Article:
Tracy Alloway and her research team recently asked more than 400 individuals a question many of us probably ask ourselves every time we check us Facebook profile: Does this make me more narcissistic? Using a survey of questions ranging from how many hours per day they spent on Facebook, the number of times they updated their status, and the look of their profile picture – as physically attractive, cool, glamorous and fashionable – researchers assessed just how participants acted on Facebook. And then to assess how narcissistic they were, participants were given a standard narcissism questionnaire, where they chose between statements that best described them – such as, “I like to be the center of attention” or “I prefer to blend in with the crowd.”
What Alloway and her team found was something we know intuitively about narcissism – it makes us want to be admired. In Alloway’s study, the more narcissistic a person was, the more frequently they updated their profile picture. While males focused more on the ratings of their profile picture, females tended to both their profile picture ratings and their status updates to gain admiration.
As Alloway explains, “Every narcissist needs a reflecting pool. Just as Narcissus gazed into the pool to admire his beauty, social networking sites, like Facebook, have become our modern-day pool,” (Alloway,2014).
The problem is that this reflecting pool is now getting much larger – and much more accessible. Facebook itself says the average American now spends 40 minutes a day checking a Facebook feed – which is more time than most people spend with their pets (39 minutes on average). While we used to seek companionship in the form of a furry friend, we are now seeking admiration in the form of Facebook friends. And unlike the good feelings that can come from the company of a furry companion, an abundance of likes on Facebook isn’t likely to make us feel much better.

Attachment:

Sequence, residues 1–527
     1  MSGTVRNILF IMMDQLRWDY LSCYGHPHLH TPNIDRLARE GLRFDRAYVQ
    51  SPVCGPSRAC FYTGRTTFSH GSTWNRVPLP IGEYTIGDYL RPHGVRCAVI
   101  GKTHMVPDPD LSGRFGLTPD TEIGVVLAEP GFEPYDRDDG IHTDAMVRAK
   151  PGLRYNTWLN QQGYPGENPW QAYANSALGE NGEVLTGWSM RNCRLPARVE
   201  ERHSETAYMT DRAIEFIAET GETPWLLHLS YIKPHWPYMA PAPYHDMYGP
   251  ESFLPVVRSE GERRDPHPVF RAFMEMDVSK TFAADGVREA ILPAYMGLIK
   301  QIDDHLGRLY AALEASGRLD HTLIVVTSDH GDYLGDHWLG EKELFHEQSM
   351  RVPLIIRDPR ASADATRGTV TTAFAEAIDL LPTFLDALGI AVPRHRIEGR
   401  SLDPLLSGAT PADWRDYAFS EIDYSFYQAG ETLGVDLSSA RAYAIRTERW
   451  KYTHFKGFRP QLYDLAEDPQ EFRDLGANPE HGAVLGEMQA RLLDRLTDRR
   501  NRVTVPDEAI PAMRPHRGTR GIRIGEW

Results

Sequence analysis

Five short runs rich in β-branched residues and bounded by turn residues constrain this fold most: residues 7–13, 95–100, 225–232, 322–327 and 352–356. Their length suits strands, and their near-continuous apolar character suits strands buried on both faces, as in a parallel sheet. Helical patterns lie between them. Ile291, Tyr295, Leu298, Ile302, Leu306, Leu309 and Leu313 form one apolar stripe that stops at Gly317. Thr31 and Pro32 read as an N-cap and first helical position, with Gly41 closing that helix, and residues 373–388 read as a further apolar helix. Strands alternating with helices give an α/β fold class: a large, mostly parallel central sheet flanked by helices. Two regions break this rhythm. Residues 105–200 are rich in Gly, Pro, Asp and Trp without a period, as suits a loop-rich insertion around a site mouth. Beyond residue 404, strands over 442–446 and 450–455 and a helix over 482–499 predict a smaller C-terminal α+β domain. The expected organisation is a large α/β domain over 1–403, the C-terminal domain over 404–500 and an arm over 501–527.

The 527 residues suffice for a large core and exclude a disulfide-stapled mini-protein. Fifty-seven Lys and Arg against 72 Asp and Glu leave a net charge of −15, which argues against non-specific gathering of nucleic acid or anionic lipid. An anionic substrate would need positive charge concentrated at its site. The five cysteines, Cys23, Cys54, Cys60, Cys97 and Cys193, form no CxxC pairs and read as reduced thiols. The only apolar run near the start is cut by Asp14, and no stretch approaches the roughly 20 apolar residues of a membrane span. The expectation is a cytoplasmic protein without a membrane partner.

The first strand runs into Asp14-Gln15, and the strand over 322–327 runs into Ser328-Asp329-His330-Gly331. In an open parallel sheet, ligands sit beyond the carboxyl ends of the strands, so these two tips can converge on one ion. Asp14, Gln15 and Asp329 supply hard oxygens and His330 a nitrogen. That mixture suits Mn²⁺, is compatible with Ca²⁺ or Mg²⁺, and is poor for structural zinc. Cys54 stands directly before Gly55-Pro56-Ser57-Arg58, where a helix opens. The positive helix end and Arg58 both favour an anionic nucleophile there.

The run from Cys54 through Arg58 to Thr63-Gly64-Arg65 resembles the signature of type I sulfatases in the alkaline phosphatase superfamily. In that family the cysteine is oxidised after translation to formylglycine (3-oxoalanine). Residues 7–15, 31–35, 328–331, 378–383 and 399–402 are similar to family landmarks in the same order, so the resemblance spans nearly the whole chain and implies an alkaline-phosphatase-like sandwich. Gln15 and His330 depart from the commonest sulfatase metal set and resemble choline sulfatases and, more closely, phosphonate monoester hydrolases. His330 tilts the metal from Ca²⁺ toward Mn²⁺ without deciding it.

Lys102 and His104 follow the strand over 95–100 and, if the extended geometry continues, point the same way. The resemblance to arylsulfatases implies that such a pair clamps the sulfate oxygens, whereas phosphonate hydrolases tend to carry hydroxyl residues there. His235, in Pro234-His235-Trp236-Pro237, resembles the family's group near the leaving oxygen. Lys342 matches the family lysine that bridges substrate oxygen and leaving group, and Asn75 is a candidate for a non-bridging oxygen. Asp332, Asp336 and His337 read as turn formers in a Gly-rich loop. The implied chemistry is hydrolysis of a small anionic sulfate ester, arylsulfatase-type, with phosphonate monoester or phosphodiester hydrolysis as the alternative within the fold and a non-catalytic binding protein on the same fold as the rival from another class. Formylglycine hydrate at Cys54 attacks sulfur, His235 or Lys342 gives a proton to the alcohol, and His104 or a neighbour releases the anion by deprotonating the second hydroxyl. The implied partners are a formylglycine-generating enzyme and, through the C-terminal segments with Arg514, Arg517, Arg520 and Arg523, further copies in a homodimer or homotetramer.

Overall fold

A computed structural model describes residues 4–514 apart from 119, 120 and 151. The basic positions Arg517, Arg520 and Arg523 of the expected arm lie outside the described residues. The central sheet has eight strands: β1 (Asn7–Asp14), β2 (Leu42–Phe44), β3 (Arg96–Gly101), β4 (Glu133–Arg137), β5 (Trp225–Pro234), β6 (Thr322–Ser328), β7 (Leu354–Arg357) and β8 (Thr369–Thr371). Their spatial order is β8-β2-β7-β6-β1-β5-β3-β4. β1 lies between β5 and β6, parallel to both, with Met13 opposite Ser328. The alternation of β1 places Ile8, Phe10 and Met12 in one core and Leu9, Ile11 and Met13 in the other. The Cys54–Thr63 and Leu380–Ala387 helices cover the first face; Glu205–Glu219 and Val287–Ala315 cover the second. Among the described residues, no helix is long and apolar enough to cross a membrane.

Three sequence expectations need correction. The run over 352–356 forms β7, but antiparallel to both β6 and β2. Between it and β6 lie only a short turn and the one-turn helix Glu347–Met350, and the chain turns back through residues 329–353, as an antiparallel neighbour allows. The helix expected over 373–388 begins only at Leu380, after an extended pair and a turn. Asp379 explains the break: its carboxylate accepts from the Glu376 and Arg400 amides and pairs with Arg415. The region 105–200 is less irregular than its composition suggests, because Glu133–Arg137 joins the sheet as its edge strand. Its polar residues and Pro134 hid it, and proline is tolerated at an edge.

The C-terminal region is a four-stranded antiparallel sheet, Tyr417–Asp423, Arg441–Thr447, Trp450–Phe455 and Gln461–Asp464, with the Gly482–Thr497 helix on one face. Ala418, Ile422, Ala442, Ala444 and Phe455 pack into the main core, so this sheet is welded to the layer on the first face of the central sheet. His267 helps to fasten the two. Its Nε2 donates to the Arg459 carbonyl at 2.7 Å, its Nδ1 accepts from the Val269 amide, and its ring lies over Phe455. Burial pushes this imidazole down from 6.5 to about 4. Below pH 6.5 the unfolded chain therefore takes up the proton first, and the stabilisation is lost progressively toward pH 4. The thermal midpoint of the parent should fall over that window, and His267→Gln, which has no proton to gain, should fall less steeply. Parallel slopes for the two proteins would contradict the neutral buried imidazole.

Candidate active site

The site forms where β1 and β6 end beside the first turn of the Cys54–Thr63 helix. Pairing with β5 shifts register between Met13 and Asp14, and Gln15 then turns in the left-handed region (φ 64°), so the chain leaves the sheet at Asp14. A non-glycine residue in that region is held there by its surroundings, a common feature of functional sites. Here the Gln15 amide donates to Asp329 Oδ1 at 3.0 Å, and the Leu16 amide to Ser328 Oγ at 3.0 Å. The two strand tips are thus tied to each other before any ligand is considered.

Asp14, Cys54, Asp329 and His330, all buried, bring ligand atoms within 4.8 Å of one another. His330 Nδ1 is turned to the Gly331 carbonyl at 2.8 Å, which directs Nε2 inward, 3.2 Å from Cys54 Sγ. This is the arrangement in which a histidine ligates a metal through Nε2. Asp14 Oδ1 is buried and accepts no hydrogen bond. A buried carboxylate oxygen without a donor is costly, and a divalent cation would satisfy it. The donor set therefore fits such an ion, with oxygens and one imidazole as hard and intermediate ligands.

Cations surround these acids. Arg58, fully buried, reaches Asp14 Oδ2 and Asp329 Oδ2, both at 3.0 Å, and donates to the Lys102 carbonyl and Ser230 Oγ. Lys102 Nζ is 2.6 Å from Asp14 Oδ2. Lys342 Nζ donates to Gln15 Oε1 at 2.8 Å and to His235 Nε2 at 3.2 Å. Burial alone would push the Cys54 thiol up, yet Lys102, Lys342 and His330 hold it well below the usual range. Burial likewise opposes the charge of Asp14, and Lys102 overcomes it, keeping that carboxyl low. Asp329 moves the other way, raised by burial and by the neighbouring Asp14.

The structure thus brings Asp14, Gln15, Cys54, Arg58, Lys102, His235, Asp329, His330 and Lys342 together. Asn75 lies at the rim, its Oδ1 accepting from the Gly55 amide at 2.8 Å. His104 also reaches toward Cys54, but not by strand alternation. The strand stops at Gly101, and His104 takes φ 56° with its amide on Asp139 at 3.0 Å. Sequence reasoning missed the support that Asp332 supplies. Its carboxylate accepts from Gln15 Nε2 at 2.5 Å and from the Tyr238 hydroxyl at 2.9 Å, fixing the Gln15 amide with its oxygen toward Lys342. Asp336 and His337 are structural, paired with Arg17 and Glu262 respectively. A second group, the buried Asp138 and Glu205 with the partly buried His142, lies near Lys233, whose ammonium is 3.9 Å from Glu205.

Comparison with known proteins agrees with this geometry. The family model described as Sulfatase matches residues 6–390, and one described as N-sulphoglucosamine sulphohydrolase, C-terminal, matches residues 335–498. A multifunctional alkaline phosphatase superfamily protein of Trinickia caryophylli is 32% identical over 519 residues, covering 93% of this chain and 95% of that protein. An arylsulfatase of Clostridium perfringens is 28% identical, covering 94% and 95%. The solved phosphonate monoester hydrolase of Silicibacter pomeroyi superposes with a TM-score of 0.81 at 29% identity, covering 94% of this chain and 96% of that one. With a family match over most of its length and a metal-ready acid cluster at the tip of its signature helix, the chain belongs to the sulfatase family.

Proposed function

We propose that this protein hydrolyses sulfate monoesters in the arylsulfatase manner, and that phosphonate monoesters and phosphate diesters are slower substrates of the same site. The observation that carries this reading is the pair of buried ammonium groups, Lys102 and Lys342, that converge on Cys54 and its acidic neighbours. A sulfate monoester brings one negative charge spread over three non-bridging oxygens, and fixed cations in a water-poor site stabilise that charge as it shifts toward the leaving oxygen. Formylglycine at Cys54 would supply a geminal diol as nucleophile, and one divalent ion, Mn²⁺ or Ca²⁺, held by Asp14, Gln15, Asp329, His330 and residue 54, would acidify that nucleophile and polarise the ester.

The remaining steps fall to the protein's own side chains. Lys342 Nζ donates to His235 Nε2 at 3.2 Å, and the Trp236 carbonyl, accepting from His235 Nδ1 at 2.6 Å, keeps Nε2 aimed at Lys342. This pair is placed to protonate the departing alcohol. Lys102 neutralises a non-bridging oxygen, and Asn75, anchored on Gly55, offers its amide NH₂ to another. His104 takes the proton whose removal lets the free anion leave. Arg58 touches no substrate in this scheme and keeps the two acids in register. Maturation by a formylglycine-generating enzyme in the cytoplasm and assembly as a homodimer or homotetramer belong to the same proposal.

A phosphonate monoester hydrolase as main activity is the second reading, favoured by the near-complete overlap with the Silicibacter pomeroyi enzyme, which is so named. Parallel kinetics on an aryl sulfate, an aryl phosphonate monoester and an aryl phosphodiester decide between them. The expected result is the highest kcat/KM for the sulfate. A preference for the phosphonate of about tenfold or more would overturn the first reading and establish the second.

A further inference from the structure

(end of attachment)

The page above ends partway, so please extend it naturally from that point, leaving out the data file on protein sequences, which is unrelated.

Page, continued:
Focusing on ourselves, after all, is a zero sum game. When the idea is to gain admiration, there is not a lot of interaction going on. Instead of focusing on others’ interests, we are updating our profiles, and wondering why they don’t measure up. One study showed that Facebook use often leads to envy – particularly when we feel tend to be self-focused. Assessing the link between Facebook use and depression among college students, researcher Margaret Duffy concluded, “We found that if Facebook users experience envy of the activities and lifestyles of their friends on Facebook, they are much more likely to report feelings of depression,” (Duffy, 2015).
While Facebook can be a very positive resource for many people – Duffy and her team expressed this as well – in many ways it is the perfect vehicle for self-absorption. Facebook not only allows us to craft the perfect image to be admired – filtering out any undesirable images – but compare that image to those of our friends.
And this may be the slippery slope of self-absorption: spending more time thinking about how we feel (and updating our profiles to make ourselves feel better), actually makes us feel worse.
While it may be easy to point the finger at Facebook for what Psychology Professor and narcissism expert, Jean Twenge calls the “Narcissism Epidemic” (which is also the title of her book), the data cannot be ignored: rates of self-absorption have risen in accordance with Facebook’s popularity.
And while self-absorption shows up in our Facebook habits, it also affects how we spend money. Several studies have already indicated that when we feel bad, we are prone to spend more, presumably as a way to make ourselves feel better. If you have ever found yourself browsing online late at night only to realize in the morning that you just bought that new pair of shoes (insert watch, shirt, antique, furniture – the list is endless) that you don’t really need, then you have fallen victim to this effect. But a new study done by a team of researchers collaborating from Carnegie Mellon University, Stanford University, Harvard University and University of Pittsburg have uncovered just what drives the impact of emotions on consumer behavior. Dividing participants into two groups – those high in self-focus and those low in self-focus – researchers then asked participants to view either a sad video clip or a neutral one (which was devoid on human emotion). Next participants could purchase an ordinary commodity, such as a water bottle, at different prices. Among participants primed to feel bad, those high in self-focus paid more than those low in self-focus – by as much as 300%.
In an interesting side effect, those in the sadness condition, when asked what influenced their willingness to pay more, denied that the emotional content of the film affected their spending.
Yet sadness and self-focus on go hand in hand. Feeling bad often makes us focus on feeling bad, and when we do, we devalue our sense of self, and our possessions. Under these conditions, it’s not hard to imagine that we will pay more for the same bottle of water, we would otherwise demand a fair price for – even if we deny that our emotional state leads to our irrational spending.